and/or diesels by gas turbines, or for the removal from ships of all maintenance people, who are the equivalent of the airline ground personnel who do routine servicing and maintenance; it is rather a plea for the replacement of old engineering with new engineering and technology. My own corporation, and indeed the entire auto industry, has not yet succeeded in carrying control and reliability technology as far as it should have to be a good example for the Navy. However, the auto industry too has been in a situation in which, to date, it has primarily been adapting new control technology to engines of older design. It is now in the business of designing the engines and the control systems together and should be able to produce the reliability necessary for the kind ot operation I am suggesting for the Navy. In any case, automobile engines have been sufficiently reliable tor quite a long time that opening the hood has not been a daily necessity, and we have certainly not had people in the engine compartment tending to them as they run. Current human control activities for marine engine rooms, main engines, and all auxiliaries are unnecessary, unreliable, and poor design practice for naval ships. We need automated and roboticized control rooms, with the human controllers elsewhere in the ship, except for occasional maintenance and some extreme emergency operations. Design for continuous human tending is design tor unreliability. In a number of other areas, operations worthy of the trireme continue. An example is the operation of naval ships while one refuels the other. As far as I can tell, the control of such operations is still designed to be done by human estimation of distance and courses between the ships with no sensory or computer assistance. Control is through shouted orders to someone at a ship's wheel; the tension and inhaul of lines are adjusted by large crews of sailors also responding to shouted instructions. If this has recently changed, the fact has escaped my attention. A rather simple sensor system of any one of a dozen kinds, working through a computer, could manage detailed ship's control with occa- sional human adjustment and do a better job of station keeping than a conning officer. The control of tension and winches also needs a good dose of modern technology. The idea that a cold, bored 19-year-old talking into an inadequate telephone is a suitable substitute for a radar and an optical and infrared detector system, properly designed, working with a properly pro- grammed computer, with the correct displays and alarms in a reasonable place, is ridiculous. It is a sample ot antiquity sanctioned only by the sillier boundaries of admiralty law. If it is necessary to have lookouts, let us at least put them in a comfortable place with some sensory 29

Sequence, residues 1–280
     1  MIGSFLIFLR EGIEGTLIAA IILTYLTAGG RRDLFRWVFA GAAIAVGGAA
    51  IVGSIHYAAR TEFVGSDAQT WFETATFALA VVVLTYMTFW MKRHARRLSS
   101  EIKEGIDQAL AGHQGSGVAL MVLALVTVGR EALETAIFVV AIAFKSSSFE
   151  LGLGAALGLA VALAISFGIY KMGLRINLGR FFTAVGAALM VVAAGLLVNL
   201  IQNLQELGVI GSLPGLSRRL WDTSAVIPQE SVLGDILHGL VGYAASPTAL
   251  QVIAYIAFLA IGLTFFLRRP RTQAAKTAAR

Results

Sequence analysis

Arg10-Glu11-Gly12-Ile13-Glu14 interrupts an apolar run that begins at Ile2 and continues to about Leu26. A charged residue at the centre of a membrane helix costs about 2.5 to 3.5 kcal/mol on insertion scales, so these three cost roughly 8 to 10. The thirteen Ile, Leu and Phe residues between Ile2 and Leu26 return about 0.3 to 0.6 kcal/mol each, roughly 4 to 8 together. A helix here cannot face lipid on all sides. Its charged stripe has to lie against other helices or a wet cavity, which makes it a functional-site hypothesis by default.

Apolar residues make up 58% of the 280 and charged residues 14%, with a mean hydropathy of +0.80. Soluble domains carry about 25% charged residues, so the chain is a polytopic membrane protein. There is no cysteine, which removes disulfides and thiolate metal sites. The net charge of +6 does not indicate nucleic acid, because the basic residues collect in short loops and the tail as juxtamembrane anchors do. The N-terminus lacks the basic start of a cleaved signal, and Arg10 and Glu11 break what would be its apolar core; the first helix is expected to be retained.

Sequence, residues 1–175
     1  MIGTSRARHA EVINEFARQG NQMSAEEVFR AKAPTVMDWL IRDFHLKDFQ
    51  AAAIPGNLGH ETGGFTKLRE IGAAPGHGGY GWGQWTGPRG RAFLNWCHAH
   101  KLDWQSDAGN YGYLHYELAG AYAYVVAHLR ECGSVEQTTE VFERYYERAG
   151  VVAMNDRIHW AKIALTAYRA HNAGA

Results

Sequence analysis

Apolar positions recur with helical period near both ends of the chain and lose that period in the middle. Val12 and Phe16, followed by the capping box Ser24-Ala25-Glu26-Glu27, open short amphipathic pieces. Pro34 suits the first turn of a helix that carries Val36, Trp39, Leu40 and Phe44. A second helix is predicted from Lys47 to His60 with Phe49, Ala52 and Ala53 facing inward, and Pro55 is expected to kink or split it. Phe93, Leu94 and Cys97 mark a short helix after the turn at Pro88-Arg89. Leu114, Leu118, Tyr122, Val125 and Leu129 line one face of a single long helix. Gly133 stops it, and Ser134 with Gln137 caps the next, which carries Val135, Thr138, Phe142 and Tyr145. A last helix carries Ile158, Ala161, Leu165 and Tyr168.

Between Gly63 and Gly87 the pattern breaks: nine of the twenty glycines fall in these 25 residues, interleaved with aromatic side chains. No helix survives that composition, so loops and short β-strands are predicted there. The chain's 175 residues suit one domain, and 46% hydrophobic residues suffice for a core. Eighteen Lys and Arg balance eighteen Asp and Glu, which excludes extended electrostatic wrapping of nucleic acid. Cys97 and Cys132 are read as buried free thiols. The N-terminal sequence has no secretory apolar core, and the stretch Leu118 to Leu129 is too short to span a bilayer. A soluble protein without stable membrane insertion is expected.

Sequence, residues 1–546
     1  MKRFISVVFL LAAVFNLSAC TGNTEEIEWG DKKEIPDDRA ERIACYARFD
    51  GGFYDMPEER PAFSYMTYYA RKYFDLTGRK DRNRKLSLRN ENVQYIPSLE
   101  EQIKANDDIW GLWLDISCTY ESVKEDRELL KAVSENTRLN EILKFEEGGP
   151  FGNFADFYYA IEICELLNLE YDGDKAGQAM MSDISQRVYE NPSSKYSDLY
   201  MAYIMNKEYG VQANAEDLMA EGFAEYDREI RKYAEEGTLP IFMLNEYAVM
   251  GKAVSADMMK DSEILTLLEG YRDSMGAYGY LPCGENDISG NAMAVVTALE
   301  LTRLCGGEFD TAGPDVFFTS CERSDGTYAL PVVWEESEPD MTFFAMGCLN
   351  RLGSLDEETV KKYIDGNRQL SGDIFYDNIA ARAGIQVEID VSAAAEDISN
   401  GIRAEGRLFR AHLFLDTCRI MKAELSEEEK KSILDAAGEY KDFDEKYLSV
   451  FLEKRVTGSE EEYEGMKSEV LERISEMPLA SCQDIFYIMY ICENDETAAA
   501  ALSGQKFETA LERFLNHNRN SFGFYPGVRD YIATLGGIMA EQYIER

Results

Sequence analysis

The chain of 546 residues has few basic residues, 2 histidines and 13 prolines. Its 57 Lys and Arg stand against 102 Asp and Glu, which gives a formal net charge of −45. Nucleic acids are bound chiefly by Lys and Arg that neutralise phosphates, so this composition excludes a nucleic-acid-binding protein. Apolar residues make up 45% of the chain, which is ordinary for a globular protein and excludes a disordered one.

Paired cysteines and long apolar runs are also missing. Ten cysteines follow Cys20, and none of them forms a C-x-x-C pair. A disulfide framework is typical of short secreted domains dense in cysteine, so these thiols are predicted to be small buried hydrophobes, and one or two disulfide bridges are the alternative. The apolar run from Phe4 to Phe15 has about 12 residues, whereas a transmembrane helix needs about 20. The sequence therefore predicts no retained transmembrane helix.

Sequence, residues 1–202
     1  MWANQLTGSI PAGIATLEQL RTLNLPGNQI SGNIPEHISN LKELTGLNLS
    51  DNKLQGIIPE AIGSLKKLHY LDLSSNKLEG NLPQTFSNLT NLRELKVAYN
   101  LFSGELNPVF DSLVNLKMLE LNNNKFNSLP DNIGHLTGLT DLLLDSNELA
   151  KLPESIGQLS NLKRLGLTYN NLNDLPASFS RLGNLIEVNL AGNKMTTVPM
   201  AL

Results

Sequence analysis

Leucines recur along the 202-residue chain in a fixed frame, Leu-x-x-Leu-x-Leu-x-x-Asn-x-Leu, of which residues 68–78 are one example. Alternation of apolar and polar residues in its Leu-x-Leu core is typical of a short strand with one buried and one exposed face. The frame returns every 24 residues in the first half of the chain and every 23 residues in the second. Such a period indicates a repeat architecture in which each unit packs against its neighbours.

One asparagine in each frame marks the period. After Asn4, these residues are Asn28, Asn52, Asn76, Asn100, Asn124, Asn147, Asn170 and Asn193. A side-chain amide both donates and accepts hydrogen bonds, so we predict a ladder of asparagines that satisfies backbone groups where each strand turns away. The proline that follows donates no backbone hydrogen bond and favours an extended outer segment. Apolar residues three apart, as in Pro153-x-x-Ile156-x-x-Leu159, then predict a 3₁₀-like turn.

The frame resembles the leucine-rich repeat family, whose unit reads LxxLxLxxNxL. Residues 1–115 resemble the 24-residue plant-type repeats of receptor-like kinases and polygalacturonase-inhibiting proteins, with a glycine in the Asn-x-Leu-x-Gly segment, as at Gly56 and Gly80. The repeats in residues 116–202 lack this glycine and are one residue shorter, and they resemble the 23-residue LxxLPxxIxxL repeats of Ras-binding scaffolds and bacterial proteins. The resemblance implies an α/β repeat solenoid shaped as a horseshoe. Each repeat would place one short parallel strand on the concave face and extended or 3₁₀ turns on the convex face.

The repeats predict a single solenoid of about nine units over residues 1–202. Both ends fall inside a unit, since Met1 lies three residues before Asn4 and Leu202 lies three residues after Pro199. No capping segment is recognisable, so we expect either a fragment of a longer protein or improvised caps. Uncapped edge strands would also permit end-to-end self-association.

equipment to help them. I am familiar with all the tales about how radar is not a good substitute for visual scanning, and I agree entirely, unless we really begin to think about the problem of sensing the horizon and what is on it as something worth doing and build a proper system for the purpose. I have not insisted on taking people out of the loop, but rather on putting them intimately into the loop in a way that is useful. It seems clear that the kind of machinery and possibilities that I described in the section on robots and the hybridization of people and machines describes a new set of approaches toward the operation of aircraft and ships, whether for sensing or weapons launch, and for the weapons and weapons systems that they use and control. What I am describing is a system in which rather complex machinery for sensing and controlling weapons, aircraft, ships, and devices is mixed with people in a new relationship. Some of the intelligence and capability, and many of the primary sensors, will be in the machines, with the people placed as intervenors in the operations of the machines. The intervention will be based either on separate information that the machines do not have (intelligence in the military intelligence sense, for example) or on conclusions from information coming from the machines. These conclusions may differ from the conclusions the machines alone would have reached given their programs and pro- grammed level of cleverness. We have begun to approach some of this new man-machine relationship in electronic warfare systems in which a great many responses are made by the computer, but the operators control tactics and strategy and may interrupt and reinstruct the machines. This approach also seems applicable to collections of weapons, in which the weapon may be intelligent not only in the sense of using sensory information to find things and decide whether or not they are targets and then arming itself toward them (this has begun with "smart" weapons), but also in the sense that the weapon may also keep a human operator informed of what it is doing and take further instructions from the operator wherever he is. This is an adaptation of my Hindu god symbol operation in which a person may have a variety of sensors and arms that he controls all at once or intermittently. The operator can do so because the sensors and arms are somewhat clever themselves, and therefore continuous attention to all of the machine partners is not necessary. I should also remark that there is no particular reason why the launch source of the machines or weapons that are controlled by a particular human should be in any particular place. That is, a weapons controller need not be a weapons launcher and need not be a sensory systems 30